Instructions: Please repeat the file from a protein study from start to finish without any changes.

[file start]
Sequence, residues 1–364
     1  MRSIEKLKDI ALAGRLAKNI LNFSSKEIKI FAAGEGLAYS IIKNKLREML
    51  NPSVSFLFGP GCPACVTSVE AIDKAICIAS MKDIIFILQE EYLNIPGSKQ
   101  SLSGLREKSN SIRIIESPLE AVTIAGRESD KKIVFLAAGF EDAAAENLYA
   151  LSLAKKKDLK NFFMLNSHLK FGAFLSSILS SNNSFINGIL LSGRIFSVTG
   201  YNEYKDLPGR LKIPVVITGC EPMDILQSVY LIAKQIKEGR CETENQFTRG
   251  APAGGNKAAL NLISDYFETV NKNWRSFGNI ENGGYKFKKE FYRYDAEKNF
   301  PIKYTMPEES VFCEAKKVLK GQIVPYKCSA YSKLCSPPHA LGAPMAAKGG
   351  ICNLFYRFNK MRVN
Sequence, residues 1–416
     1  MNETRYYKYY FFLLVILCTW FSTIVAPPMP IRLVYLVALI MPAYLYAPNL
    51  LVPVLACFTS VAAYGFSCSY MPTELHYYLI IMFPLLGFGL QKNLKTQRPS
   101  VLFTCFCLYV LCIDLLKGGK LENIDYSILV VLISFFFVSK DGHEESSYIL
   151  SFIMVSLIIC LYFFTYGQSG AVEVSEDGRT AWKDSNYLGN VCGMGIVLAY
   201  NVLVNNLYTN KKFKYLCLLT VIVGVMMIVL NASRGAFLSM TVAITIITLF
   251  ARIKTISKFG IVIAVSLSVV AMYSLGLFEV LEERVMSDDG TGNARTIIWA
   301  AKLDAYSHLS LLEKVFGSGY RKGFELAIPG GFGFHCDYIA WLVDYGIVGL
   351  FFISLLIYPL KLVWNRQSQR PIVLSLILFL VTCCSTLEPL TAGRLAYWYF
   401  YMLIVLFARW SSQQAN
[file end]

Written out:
Sequence, residues 1–364
     1  MRSIEKLKDI ALAGRLAKNI LNFSSKEIKI FAAGEGLAYS IIKNKLREML
    51  NPSVSFLFGP GCPACVTSVE AIDKAICIAS MKDIIFILQE EYLNIPGSKQ
   101  SLSGLREKSN SIRIIESPLE AVTIAGRESD KKIVFLAAGF EDAAAENLYA
   151  LSLAKKKDLK NFFMLNSHLK FGAFLSSILS SNNSFINGIL LSGRIFSVTG
   201  YNEYKDLPGR LKIPVVITGC EPMDILQSVY LIAKQIKEGR CETENQFTRG
   251  APAGGNKAAL NLISDYFETV NKNWRSFGNI ENGGYKFKKE FYRYDAEKNF
   301  PIKYTMPEES VFCEAKKVLK GQIVPYKCSA YSKLCSPPHA LGAPMAAKGG
   351  ICNLFYRFNK MRVN
Sequence, residues 1–416
     1  MNETRYYKYY FFLLVILCTW FSTIVAPPMP IRLVYLVALI MPAYLYAPNL
    51  LVPVLACFTS VAAYGFSCSY MPTELHYYLI IMFPLLGFGL QKNLKTQRPS
   101  VLFTCFCLYV LCIDLLKGGK LENIDYSILV VLISFFFVSK DGHEESSYIL
   151  SFIMVSLIIC LYFFTYGQSG AVEVSEDGRT AWKDSNYLGN VCGMGIVLAY
   201  NVLVNNLYTN KKFKYLCLLT VIVGVMMIVL NASRGAFLSM TVAITIITLF
   251  ARIKTISKFG IVIAVSLSVV AMYSLGLFEV LEERVMSDDG TGNARTIIWA
   301  AKLDAYSHLS LLEKVFGSGY RKGFELAIPG GFGFHCDYIA WLVDYGIVGL
   351  FFISLLIYPL KLVWNRQSQR PIVLSLILFL VTCCSTLEPL TAGRLAYWYF
   401  YMLIVLFARW SSQQAN